There are many wider considerations in relation to databases that we will not cover here: who will manage and maintain the database? How will it be backed up locally (local copies should be stored to reduce reliance on the network)? What is the appropriate database for your project? These issues can have major effects on efficiency, especially on large, data-intensive projects. However, we will not cover them here because it is a fast-moving field. Instead, we direct the interested reader toward resources on the subject, including:
The website for sparklyr, a recently created package for efficiently interfacing with the Apache Spark stack.
db-engines.com/en/, a website comparing the relative merits of different databases.
databases vignette from the dplyr package.
Getting started with MongoDB in R, an introductory vignette on nonrelational databases and map reduce from the mongolite package.
To access a database in R via dplyr, you must use one of the
functions to create a source. Continuing with the SQLite example previously given,
you would create a
tbl object that can be queried by dplyr as
ghg_tbl object can then be queried in a similar way as a standard
data frame. For example, suppose we wished to filter by
we use the
filter() function as before:
In this code, dplyr has actually generated the necessary SQL
command, which can be examined using
explain(rm_world). When working
with databases, dplyr uses lazy evaluation: the data is only fetched
at the last moment when it’s needed. The SQL command associated with
rm_world hasn’t yet been executed; this is why
doesn’t work. By using lazy evaluation, dplyr is more efficient at
handling large data structures because it avoids unnecessary copying. When
you want your SQL command to be executed, use
Follow the worked example here to create and query a database on land prices in the UK using dplyr as a frontend to an SQLite database. The first stage is to read in the data:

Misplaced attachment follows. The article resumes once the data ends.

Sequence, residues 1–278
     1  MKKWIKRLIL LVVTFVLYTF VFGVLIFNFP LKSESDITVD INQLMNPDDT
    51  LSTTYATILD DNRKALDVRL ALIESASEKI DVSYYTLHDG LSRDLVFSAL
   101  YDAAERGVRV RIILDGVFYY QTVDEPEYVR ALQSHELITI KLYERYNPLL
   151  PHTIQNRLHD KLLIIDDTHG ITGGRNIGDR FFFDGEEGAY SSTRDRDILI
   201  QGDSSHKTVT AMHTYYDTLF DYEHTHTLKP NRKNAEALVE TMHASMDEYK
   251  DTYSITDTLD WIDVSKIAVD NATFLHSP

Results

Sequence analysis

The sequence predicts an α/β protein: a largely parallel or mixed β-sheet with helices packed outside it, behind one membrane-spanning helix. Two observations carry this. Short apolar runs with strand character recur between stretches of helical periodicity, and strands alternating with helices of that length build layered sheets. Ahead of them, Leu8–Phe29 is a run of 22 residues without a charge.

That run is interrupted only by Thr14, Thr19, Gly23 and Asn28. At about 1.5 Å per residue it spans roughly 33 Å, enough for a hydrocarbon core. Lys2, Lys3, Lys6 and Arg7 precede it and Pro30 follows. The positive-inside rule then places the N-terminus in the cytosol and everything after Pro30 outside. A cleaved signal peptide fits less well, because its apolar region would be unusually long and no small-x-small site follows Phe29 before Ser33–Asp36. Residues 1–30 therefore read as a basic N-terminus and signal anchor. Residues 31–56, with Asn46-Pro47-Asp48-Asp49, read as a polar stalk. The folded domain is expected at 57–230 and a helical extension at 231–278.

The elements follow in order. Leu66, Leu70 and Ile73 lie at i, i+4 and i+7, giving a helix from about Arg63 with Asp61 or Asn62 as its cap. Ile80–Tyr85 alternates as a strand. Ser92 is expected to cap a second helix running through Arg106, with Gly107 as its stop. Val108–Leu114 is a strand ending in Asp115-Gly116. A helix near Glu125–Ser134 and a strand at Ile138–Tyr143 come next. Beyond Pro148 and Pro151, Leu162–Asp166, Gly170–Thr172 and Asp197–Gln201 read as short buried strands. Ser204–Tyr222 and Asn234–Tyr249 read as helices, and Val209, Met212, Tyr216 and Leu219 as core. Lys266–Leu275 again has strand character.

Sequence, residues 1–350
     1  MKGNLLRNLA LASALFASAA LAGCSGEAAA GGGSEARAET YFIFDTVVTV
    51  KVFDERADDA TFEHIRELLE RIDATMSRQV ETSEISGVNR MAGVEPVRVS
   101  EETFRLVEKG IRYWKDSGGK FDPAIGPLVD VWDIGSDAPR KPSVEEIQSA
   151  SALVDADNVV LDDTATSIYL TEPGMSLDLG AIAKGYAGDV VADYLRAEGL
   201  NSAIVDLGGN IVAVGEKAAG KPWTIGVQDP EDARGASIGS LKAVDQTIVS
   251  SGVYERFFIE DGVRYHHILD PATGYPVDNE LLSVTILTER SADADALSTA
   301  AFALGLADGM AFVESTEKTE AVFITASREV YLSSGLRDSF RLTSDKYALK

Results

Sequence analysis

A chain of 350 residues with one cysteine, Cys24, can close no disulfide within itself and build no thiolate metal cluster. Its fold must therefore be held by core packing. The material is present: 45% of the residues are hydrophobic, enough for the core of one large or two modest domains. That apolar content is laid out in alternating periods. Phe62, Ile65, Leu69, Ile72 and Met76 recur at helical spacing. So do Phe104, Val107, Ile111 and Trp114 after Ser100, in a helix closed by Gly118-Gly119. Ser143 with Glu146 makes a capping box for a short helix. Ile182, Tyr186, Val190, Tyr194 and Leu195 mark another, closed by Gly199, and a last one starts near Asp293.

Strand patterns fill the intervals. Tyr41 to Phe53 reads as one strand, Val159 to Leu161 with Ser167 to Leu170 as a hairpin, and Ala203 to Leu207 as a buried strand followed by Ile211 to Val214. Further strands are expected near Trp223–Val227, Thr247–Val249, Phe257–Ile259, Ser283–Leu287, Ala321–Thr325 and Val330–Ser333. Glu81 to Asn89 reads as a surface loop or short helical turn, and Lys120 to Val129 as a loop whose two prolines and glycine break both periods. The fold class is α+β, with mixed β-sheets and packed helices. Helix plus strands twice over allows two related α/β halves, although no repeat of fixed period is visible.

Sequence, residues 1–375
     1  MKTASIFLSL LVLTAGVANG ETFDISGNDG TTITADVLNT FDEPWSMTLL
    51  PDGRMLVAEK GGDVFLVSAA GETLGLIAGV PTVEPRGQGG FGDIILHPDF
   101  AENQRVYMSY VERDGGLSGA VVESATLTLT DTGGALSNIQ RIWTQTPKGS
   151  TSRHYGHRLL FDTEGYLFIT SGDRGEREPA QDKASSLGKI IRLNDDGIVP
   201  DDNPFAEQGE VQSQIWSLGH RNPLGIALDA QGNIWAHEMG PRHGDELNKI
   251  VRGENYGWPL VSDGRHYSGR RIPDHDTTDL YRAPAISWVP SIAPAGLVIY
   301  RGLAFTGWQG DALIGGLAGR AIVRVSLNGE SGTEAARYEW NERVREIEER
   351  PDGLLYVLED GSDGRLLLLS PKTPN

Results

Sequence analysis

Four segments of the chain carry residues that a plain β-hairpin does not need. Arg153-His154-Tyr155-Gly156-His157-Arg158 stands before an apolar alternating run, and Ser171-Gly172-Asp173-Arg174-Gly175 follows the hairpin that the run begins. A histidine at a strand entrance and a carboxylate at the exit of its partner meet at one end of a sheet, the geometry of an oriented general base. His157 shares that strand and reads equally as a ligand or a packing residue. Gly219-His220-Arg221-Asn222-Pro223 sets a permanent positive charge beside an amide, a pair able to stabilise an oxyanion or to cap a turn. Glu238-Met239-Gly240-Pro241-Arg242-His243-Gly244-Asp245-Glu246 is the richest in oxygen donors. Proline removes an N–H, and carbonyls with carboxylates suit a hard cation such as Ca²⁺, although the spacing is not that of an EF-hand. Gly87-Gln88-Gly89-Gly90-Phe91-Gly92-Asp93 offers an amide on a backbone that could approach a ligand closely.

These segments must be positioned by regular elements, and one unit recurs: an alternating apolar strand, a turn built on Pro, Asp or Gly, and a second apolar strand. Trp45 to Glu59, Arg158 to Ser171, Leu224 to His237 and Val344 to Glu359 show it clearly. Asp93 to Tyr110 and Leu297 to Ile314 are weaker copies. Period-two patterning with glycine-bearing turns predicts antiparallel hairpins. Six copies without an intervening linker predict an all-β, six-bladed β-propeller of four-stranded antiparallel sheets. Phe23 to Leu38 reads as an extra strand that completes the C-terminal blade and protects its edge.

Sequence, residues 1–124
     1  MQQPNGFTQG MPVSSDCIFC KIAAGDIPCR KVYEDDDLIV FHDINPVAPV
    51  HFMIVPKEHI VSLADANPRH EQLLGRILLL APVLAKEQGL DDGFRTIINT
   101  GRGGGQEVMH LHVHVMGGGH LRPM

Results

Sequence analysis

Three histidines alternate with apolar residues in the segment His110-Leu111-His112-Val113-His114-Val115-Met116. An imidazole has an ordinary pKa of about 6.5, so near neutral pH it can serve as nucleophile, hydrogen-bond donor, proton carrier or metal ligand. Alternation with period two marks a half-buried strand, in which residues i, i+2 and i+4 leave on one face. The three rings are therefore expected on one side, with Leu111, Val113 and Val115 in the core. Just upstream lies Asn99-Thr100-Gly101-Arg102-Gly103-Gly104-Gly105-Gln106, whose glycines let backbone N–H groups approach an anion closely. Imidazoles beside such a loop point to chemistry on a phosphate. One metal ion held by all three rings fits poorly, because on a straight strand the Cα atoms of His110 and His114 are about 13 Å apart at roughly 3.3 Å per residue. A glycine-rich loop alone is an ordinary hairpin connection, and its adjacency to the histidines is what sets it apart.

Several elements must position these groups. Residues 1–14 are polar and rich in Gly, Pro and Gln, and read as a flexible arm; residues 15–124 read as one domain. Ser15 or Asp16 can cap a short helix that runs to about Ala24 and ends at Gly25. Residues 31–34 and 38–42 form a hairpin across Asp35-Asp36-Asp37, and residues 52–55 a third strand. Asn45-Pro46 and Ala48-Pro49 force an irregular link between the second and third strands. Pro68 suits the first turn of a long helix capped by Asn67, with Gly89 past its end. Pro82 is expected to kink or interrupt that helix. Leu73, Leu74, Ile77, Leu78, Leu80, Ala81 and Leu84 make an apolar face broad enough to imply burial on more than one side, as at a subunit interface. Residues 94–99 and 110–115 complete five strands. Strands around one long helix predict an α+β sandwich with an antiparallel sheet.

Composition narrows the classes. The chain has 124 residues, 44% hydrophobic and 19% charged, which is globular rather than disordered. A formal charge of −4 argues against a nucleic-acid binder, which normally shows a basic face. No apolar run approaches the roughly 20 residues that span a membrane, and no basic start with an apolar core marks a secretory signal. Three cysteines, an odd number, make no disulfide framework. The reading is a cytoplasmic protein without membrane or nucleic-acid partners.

# See help("land_df", package="efficient") for details
The next stage is to create an SQLite database to hold the data:
# install.packages("RSQLite") # Requires RSQLite package
What class is the new object
Why did we use the
From the preceding code, we can see that we have created a
tbl. This can be
accessed using dplyr in the same way as any data frame can. Now we can
query the data. You can use SQL code to query the database directly or
use standard dplyr verbs on the table.
# Method 1: using sql
'SELECT "price", "postcode", "old/new" FROM land_df'
#> Source: query [?? x 3]
#> Database: sqlite 3.8.6 [land.sqlite3]
#> price postcode `old/new`
#> <int> <chr> <chr>
#> 1 84000 CW9 5EU N
#> 2 123500 TR13 8JH N
#> 3 217950 PL33 9DL N
#> 4 147000 EX39 5XT N
#> # ... with more rows
How would you perform the same query using
select()? Try it to see if
you get the same result (hint: use backticks for the
#> Source: query [?? x 3] #> Database: sqlite 3.8.6 [land.sqlite3] #> #> price postcode `old/new` #> <int> <chr> <chr> #> 1 84000 CW9 5EU N #> 2 123500 TR13 8JH N #> 3 217950 PL33 9DL N #> 4 147000 EX39 5XT N #> # ... with more rows
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Grolemund, G., and H. Wickham. 2016. R for Data Science. O’Reilly Media.
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Kersten, Martin L, Stratos Idreos, Stefan Manegold, Erietta Liarou, and others. 2011. “The Researcher’s Guide to the Data Deluge: Querying a Scientific Database in Just a Few Seconds.” PVLDB Challenges and Visions 3.